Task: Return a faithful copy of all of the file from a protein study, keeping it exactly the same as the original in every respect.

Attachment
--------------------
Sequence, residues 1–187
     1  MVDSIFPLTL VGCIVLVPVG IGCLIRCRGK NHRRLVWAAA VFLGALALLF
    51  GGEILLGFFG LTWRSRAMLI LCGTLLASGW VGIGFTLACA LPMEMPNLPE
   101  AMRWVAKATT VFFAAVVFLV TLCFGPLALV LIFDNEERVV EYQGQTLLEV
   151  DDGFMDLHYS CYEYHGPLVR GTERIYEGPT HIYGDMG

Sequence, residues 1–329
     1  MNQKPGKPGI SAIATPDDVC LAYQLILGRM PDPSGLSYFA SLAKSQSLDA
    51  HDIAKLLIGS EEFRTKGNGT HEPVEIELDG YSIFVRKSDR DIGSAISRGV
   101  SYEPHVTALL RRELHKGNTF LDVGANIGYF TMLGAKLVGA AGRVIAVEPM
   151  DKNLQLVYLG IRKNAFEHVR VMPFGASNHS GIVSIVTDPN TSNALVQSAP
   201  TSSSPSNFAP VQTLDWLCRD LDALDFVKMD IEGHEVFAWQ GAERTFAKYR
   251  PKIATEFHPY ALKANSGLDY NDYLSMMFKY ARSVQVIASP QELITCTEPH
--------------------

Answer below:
Sequence, residues 1–187
     1  MVDSIFPLTL VGCIVLVPVG IGCLIRCRGK NHRRLVWAAA VFLGALALLF
    51  GGEILLGFFG LTWRSRAMLI LCGTLLASGW VGIGFTLACA LPMEMPNLPE
   101  AMRWVAKATT VFFAAVVFLV TLCFGPLALV LIFDNEERVV EYQGQTLLEV
   151  DDGFMDLHYS CYEYHGPLVR GTERIYEGPT HIYGDMG

Sequence, residues 1–329
     1  MNQKPGKPGI SAIATPDDVC LAYQLILGRM PDPSGLSYFA SLAKSQSLDA
    51  HDIAKLLIGS EEFRTKGNGT HEPVEIELDG YSIFVRKSDR DIGSAISRGV
   101  SYEPHVTALL RRELHKGNTF LDVGANIGYF TMLGAKLVGA AGRVIAVEPM
   151  DKNLQLVYLG IRKNAFEHVR VMPFGASNHS GIVSIVTDPN TSNALVQSAP
   201  TSSSPSNFAP VQTLDWLCRD LDALDFVKMD IEGHEVFAWQ GAERTFAKYR
   251  PKIATEFHPY ALKANSGLDY NDYLSMMFKY ARSVQVIASP QELITCTEPH